The How-To of Snapchat for Small Business

Social Media Marketing

If I was to tell you that I am a 27 year old male who is using Snapchat, you would probably be wondering why I am on a social platform that is notoriously known for teenagers sharing lewd pictures of themselves. And that may have been true two or three years ago, but not anymore - Snapchat is going through a renaissance of sorts, and it is a hot place for business to be right now in the social media space.

As a small, bricks-and-mortar business in 2016, our marketing focus has shifted from mass media and trying to get in front of as many people as possible, to now trying to only be in front of those who actually have the potential to be clients one day. Further to that, our marketing is far less about trying to 'get a sale' and now largely focused on only two things - being helpful, and engaging on a human level.

The beauty of Snapchat in this type of marketing mindset is that it is the perfect storm for helping and engagin g - as a user, you get to be real, authentic and unpolished. While this seems counter-intuitive and uncormfortable for many business owners, we have found that it is exactly what our audience wants - genuine, real humans that actually care and engage in conversations. When this becomes your primary focus, these relationships will often develop into paying clients that have extremely high levels of trust, are highly qualified leads, and transition to brand ambassadors far easily, simply because they feel like they are almost a part of the business.

When it comes to the details of how to engage on Snapchat, we have taken the approach of our managing director leveraging a personal profile - again, to bring a more human element to process. Content includes things like daily tips, useful information, behind-the-scenes insights and glimpses of personal and family life outside of work. The one of the features of Snapchat is that content is only visible for 24 hours, and it is relatively raw - minimal ability to edit or polish the videos and pictures. It also means that clients are far more accessible, and the social nature of the platform means that they are also more comfortable to reach out to your business. It is also worth remembering that some research suggests that up to 75% of a buying decision in 2016 is made online - therefore, if you can be present, engaging and helpful in the online domains where your audience spends a lot of their time, they are more inclined to know, like and trust your brand and make a buying decision in your favour. And, if you have engaged in content marketing before, you will know that if clients are reaching out to you, responding to your messages and asking questions to know more - you are well on the way to developing a healthy client relationship!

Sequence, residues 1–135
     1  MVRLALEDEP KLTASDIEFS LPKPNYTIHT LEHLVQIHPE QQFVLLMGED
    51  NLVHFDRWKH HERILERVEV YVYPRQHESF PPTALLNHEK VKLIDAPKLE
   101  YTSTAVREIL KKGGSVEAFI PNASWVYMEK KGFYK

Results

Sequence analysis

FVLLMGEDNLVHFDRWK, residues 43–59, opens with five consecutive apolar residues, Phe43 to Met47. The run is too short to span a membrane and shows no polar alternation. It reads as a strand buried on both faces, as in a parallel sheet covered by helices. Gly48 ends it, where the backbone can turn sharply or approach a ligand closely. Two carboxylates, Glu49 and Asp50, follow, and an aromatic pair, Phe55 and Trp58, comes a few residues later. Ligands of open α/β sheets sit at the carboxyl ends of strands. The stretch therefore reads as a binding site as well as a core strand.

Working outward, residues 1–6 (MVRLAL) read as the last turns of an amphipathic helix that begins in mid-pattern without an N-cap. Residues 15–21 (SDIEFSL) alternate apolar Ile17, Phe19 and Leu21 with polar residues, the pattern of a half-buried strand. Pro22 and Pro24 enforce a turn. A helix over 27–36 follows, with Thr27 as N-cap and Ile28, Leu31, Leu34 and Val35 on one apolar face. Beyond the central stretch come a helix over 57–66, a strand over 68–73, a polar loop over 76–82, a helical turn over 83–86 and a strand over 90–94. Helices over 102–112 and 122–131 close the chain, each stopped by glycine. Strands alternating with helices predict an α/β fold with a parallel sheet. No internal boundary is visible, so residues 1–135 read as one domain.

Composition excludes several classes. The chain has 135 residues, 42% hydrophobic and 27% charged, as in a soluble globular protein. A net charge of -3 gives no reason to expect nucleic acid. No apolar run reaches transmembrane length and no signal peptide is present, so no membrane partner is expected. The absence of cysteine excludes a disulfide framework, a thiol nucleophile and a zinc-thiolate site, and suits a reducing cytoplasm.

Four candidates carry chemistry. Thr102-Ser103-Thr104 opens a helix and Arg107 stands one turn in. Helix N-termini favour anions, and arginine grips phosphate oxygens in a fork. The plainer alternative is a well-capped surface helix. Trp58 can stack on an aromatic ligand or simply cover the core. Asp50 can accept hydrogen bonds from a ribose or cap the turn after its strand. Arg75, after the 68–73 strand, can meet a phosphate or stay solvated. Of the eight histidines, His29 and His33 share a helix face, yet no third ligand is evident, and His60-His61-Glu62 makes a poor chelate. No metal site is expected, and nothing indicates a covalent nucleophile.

The other thing to keep in mind with Snapchat is attention - where are your consumers spending a lot of their time - you want your business to be n oticed where people are actually looking. What is more interesting, though, is that in 5 years' time those 15-25 year olds, who are currently the largest demographic of consumers of Snapchat content, will be 20-30 year olds, with high disposable income, young children and vastly different needs. If you can be an early adopter and build lots of trust and brand awareness over the next period of Snapchat's evolution, you will be front of mind when your clients are making buying decisions. And that is where we want to be - front of mind as the thought leader and trusted provider of the services that my audience wants, because that's who gets the sale in the end!

Jack O'Brien

Managing Director and Senior Physiotherapist at Terrace Physio Plus

Passionate health advocate. Entrepeneur. Goodlifer. Family man. I lead a progressive physiotherapy business in Newcastle, NSW. We have 2 clinics across the region, and provide industry-leading physiotherapy and massage therapy to a wide range of clients. We fully utilise new technologies and media, and enjoy unmatched engagement with our community. In my spare time, I love coffee with my wife, wrestles with my son, and co-ordinating a local charity supporting school and university students.

Comments (1)
Jef Lippiatt

Jef Lippiatt, Owner at Startup Chucktown

I suppose the ability to excel on Snapchat is also driven by whether your potential customers are even using the platform. Are you more focused on Millennials?